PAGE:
You Don’t Have To Settle (4 Lessons to Learn)

My friends and family said “you’re going to be a fresh grad, it’s decent pay and good experience, you should take it.”

Graduation was a mere four months away, and I was in a haste to secure a full-time job in my field of study. A few weeks earlier at a career fair, I networked with a senior hiring manager who connected me with the unit manager of a company I had been interested in for a while.

But What Happens When it’s Not The Right Fit?

Overjoyed at the prospect of finding employment right out of the gate, I dove right in. Little did I know, how the next few months would unfold and affect my overall well-being.

I am writing this because I would like fellow students who are about to graduate, to not be scared of uncertainty and to not settle if you don’t feel it’s a good fit.

A few moments foreshadowed the position might not be a good fit for me or vice versa and I pondered if I should take it but the idea of uncertainty overwhelmed me and I settled. I thought why not, give it your best shot, maybe you’ll grow to love it.

My first clue should have been the hurried interview process followed by a rushed offer , was I really that suited for the job or were they just looking for a body to fill the position? Looking back, it would have been beneficial to understand the reasoning behind my predecessor’s pursuit of a different opportunity, which leads me to lesson number one.   

Lesson 1: If possible, network with previous employees of the same team before accepting the opportunity to understand the culture present within the organization and management team.

Two weeks into the job, I noticed the harsh words employees exchanged about the manager, but I didn’t read too much into it, smiled, and brushed off what I heard.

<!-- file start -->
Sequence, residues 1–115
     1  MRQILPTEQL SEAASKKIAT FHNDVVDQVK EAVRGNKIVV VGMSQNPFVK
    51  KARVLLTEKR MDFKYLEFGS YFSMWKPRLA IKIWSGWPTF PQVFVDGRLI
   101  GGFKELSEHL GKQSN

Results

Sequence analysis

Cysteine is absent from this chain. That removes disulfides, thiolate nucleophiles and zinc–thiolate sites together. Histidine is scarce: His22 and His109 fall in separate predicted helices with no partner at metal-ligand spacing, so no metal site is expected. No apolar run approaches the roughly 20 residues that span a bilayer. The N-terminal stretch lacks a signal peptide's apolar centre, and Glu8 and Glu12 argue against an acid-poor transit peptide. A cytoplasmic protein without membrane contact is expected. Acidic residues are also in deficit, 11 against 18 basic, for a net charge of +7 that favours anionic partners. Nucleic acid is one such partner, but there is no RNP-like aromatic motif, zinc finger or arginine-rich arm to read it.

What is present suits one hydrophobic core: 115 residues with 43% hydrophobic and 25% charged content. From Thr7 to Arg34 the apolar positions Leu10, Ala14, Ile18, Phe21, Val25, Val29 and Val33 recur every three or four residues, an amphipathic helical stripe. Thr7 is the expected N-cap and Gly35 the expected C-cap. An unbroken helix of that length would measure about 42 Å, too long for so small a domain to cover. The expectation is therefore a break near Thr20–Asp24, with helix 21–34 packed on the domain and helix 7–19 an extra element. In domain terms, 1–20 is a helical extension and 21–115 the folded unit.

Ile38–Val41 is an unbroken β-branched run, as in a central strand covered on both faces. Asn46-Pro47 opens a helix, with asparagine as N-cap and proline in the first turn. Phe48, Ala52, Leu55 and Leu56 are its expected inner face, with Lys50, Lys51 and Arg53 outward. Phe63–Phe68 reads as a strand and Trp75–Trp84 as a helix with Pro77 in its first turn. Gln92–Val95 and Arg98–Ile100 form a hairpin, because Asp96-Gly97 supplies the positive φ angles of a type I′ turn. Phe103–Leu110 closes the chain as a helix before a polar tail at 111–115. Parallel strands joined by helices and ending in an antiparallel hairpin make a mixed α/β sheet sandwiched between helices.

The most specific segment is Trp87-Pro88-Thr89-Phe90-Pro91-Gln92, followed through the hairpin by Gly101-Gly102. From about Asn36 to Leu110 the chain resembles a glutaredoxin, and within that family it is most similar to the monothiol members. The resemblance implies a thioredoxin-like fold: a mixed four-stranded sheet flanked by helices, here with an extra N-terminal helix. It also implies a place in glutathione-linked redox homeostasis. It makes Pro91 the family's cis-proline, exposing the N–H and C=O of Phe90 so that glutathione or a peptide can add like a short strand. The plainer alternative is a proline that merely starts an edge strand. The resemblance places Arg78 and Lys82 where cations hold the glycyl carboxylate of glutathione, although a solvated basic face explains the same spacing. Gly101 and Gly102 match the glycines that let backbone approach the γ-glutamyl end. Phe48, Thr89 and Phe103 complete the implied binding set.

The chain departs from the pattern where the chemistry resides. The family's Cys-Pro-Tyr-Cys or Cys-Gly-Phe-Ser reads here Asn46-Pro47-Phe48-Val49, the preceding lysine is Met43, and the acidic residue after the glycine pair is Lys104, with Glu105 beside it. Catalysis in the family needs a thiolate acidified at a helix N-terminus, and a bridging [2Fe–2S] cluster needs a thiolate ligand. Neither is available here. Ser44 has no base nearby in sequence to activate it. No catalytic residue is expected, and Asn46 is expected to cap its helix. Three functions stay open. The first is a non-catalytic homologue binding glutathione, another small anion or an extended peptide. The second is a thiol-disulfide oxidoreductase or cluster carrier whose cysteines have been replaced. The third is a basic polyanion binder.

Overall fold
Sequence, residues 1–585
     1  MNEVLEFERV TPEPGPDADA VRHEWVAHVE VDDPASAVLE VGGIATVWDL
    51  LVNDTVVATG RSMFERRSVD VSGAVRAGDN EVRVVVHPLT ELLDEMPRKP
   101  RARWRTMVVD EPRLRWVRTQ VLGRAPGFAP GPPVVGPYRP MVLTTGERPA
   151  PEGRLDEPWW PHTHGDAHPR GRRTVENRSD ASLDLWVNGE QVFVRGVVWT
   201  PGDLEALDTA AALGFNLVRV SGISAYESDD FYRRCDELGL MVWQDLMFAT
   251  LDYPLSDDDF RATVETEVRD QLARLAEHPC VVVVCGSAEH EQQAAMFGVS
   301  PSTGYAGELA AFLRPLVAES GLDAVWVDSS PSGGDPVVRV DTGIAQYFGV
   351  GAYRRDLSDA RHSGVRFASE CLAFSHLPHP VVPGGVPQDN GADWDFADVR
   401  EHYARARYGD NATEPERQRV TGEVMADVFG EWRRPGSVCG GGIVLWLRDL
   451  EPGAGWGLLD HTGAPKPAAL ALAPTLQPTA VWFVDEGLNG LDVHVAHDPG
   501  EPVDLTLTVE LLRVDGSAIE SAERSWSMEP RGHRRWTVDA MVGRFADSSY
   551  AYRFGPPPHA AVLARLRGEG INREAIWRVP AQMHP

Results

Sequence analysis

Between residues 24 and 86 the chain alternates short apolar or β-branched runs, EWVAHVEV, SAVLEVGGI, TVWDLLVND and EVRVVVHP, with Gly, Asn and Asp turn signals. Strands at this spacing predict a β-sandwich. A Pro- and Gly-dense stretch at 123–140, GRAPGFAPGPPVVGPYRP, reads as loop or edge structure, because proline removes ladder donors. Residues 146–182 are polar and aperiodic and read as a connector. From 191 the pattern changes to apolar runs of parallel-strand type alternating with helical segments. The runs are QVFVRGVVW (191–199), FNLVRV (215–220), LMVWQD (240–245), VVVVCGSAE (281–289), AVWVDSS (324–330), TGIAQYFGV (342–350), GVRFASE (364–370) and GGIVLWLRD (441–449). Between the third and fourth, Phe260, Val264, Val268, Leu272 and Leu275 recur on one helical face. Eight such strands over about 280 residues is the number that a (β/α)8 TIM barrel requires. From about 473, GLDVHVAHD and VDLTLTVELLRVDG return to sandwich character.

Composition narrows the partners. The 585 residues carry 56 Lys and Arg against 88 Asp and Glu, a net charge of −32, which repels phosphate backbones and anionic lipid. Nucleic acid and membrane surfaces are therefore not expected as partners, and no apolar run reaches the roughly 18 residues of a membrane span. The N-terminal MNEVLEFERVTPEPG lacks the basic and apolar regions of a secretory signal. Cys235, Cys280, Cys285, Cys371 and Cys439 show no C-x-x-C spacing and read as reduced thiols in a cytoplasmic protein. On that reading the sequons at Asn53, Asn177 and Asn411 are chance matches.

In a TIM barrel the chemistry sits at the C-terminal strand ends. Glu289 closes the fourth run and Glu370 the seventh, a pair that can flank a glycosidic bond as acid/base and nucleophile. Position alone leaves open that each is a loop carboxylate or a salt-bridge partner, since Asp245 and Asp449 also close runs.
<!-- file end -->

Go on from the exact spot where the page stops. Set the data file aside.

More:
Related: I Just Graduated, What’s The Best Advice For Negotiating My Salary?

Lesson 2: Why did I just let that slide? It’s a big red signal when employees speak negatively about their employer.

A month into directly working with management, I realized the particular management style was different to what I was accustomed to. As a new employee I figured I just needed some time to adjust to that specific style and did my best to adapt and respond to it.

Wrong.

Lesson 3: Yes, adaptability is essential to any job, moreover most life situations. However, as an employee, it’s important to hold true to your values and stand your ground when you feel like you’re being disrespected. Do not be afraid to speak up and voice your concerns if you don’t feel like you are being treated the way you should be.

I was attempting to thrive in an environment where the fit wasn’t right. I felt like I was a square trying to push its way into a circle. Eventually, I realized the toll it was taking on my general well-being and resigned from my position, but not without much debate.

Looking back I don’t regret taking the position as I learnt about different management practices and a glimpse into corporate culture. I am grateful for the opportunity and the training provided to me.

The experience made me explore deeper into what exactly I was looking for in a workplace environment while still prioritizing my career goals.

Moving forward from the experience, inquiring about the company culture and management style have been my two main priorities during any interview session. I have also started taking any opportunity to network with both previous and current employees at the organization I am interviewing for.

This Brings Me to Lesson 4 

Lesson 4:  Going back to the interview, ask questions that can reflect the culture of the team. Questions such as; Can you tell me about my direct report/reports? What are the team’s biggest challenges? What is the team culture like?

If your interviewers are your direct reports  ask their opinion on the difference between a good employee and the best employee. How do they respond to beginner mistakes? What does a typical team meeting looks like? How is team development encouraged?

As fresh grads, we don’t want to seem picky even if we have varied work background and multiple internships under the belt. Although it may seem wary passing up a job because the prospect of another may not be in your direct line of sight, always trust your gut and know when something isn’t working.

Your happiness isn’t worth compromising to gain experience and you certainly don’t have to settle.

Author: Su Thazin Thin

Su is a Nutrition and Health enthusiast, Project & Brand Management specialist and the latest member of our FoodGrads tribe!


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